PV (photovoltaic) solar panels use rows of solar cells made of semiconductor material.
Chemistry reacts with sunlight produces an electric current that’s captured.
Electrons are distributed, stored with battery storage, or sold to the National Grid.
Solar cells consist of two ultra-thin layers of silicon.
Higher the intensity of sunlight, the greater the flow of electrons.
This process is called the photovoltaic effect.
1. Solar cells have a thin layer of anti-reflective coating to reduce light reflection.
2. The top semiconductor layer, or ‘N’ type layer, is doped with small amounts of phosphorus. A phosphorus atom replaces almost every thousandth silicon atom. This reaction creates free-moving negative charges.
3. The base semiconductor layer, or ‘P’ type layer, is doped with minuscule amounts of boron so that a boron atom replaces almost every millionth silicon atom. This reaction creates free-moving positive charges called holes.
4. When both the ‘N’ and ‘P’ type layers are placed close together. The positively charged holes and the negatively charged electrons are attracted to each other.
Moving into their respective neighboring layer, they cross a boundary layer called the p-n junction.
This movement of negatively and positively charged particles generate a strong electrical field across the p-n junction. When sunlight strikes, the electron particles, and the aggregate particles separate.
This creates a voltage of around 0.5V.
5. The voltage flow pushes electrons, or direct current, to contacts at the front and the back of the cell, where it is conducted away along with the wiring circuitry that connects the cells.
Photovoltaic cells are silicon, which the main component of quartz sand and, after oxygen, and the second most common element in the Earth’s crust.
A typical PV solar cell has an efficiency no more significant than 15%, as only a portion of the sunlight energy spectrum can convert into electricity.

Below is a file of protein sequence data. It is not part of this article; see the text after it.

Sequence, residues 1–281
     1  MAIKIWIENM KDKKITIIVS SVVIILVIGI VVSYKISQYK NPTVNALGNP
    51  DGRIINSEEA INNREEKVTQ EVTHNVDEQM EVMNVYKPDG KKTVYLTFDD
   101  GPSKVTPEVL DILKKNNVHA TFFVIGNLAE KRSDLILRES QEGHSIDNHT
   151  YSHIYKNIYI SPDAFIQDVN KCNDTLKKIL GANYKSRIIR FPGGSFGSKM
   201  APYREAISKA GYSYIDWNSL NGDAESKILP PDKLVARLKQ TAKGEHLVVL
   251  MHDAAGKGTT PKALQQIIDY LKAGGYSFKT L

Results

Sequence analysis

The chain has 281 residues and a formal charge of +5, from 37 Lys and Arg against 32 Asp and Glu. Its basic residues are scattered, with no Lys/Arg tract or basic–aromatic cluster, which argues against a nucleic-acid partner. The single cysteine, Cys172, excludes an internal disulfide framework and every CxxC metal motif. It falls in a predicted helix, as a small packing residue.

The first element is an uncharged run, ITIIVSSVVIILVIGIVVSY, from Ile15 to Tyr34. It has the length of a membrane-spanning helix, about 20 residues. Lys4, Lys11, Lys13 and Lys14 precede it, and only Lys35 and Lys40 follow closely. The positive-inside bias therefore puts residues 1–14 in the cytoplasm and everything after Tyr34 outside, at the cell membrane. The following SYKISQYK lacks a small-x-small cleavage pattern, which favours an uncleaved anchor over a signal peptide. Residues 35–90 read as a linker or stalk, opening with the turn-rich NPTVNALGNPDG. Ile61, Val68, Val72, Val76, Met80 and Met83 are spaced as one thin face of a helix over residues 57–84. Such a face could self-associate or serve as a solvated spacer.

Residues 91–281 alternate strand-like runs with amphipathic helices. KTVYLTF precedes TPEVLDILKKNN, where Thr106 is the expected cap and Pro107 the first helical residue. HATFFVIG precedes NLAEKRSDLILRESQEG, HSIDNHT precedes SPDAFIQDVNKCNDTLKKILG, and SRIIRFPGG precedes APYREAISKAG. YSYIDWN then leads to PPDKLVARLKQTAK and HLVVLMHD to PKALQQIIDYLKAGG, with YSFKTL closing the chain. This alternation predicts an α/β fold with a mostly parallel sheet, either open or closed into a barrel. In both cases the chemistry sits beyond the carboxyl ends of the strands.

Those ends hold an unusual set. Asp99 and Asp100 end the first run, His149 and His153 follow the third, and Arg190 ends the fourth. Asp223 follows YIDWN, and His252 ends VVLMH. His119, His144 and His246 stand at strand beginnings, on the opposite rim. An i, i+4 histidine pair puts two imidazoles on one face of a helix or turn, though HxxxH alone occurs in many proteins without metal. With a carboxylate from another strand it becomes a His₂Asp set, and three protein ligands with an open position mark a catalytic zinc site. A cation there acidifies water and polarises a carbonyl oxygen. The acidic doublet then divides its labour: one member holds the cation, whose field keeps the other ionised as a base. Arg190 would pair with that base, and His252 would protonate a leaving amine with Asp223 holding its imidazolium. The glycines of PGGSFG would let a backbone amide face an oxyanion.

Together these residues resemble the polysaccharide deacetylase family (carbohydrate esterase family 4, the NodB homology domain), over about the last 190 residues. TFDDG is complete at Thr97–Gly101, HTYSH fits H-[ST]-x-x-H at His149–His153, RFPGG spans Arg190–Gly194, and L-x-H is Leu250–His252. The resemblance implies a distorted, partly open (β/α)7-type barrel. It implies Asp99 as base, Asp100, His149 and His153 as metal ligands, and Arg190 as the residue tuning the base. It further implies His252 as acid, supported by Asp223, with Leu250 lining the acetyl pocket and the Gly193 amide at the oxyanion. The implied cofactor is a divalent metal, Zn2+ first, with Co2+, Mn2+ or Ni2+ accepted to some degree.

If this seems off-putting, please bear in mind that a gas power station has an energy conversion efficiency of only 35% and that 70% of the electricity generated lost during long-distance transmission.
This is why self-generation is better at reducing CO2 emissions.
As an individual solar cell only generates a low voltage, a number of cells are connected together.
This forms a solar panel that generates anything between 180-320 kWp.
The solar panels are then connected together to form a PV solar array.
The solar panels are best installed at an angle between 30 and 50 degrees.
South-facing, but southeastern and southwestern facing systems increase efficiency.
Free from shading during the daytime hours is essential.
PV solar outputs are measured in kW (kilo Watts peak).
DC power is converted into AC.
Performance is typically 950 kWh (Scotland) and 1,350 kWh (South England) of power annually for every 1kW installed.
System sizes range from 1kW -5kW for domestic installations.
On-grid connected photovoltaic systems are the most common as it makes use of the existing mains electricity system. Simpler in design and easier for our MCS solar panels installers to fit than an off-grid system. The electricity produced during daylight hours is either used by the homeowner, or if surplus to requirements, is fed back into the grid via an export meter, or purchased from your utility company.
At night, or on dark days when the panels do not produce enough power, electricity will be supplied automatically from your existing import meter. You will be able to apply for the feed-in tariffs with this type of installation.
Power can be stored in a bank storage device or surplus sold through an export tariff.